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Reproduction, infection and killer-cell immunoglobulin-like receptor haplotype evolution

Abstract:

Killer-cell immunoglobulin like receptors (KIRs) are encoded by one of the most polymorphic families in the human genome. KIRs are expressed on Natural Killer (NK) cells, which have dual roles: (i) in fighting infection and (ii) in reproduction, regulating hemochorial placentation. Uniquely among primates, human KIR genes are arranged into two haplotypic combinations: KIR A and KIR B. It has been proposed that KIR A is specialized to fight infection, whilst KIR B evolved to help ensure su...

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Publication status:
Published
Peer review status:
Peer reviewed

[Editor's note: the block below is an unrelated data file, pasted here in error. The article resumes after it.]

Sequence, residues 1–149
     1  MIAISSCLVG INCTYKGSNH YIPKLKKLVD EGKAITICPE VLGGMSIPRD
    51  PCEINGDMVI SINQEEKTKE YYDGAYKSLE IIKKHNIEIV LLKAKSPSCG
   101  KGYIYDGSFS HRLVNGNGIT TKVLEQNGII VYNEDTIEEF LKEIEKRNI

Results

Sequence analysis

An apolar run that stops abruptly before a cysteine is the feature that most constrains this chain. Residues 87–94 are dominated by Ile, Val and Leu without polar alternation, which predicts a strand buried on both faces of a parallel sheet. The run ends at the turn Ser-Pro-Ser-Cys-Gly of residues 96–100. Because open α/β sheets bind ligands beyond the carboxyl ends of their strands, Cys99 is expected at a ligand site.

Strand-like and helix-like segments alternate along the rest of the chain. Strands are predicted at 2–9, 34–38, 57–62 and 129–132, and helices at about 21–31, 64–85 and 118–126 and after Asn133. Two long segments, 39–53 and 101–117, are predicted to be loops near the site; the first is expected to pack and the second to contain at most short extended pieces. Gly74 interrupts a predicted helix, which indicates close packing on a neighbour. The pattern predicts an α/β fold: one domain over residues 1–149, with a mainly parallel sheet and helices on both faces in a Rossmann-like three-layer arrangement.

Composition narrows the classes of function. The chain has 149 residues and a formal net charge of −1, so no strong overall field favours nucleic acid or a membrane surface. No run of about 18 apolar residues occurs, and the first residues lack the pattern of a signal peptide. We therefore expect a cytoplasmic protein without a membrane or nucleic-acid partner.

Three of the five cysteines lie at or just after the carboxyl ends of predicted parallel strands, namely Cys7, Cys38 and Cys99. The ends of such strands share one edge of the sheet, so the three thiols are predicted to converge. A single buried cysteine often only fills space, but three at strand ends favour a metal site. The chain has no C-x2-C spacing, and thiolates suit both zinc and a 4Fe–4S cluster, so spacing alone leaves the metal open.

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Publisher copy:
10.1007/s00251-016-0935-9

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Institution:
University of Oxford
Division:
MPLS
Department:
Zoology
Role:
Author
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Institution:
University of Oxford
Division:
MPLS
Department:
Zoology
Role:
Author
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Funding agency for:
Gupta, S
Grant:
DIVERSITY
More from this funder
Funding agency for:
Penman, B
Grant:
096063/Z/11/Z
More from this funder
Funding agency for:
Gupta, S
Grant:
DIVERSITY
More from this funder
Funding agency for:
Penman, B
Grant:
096063/Z/11/Z
Publisher:
Springer Verlag Publisher's website
Journal:
Immunogenetics Journal website
Volume:
68
Issue:
10
Pages:
755–764
Publication date:
2016-01-01
Acceptance date:
2016-06-24
DOI:
EISSN:
1432-1211
ISSN:
0093-7711
Source identifiers:
634664
Keywords:
Pubs id:
pubs:634664
UUID:
uuid:62711c43-3912-40f1-98c8-6155b726259a
Local pid:
pubs:634664
Deposit date:
2016-07-20

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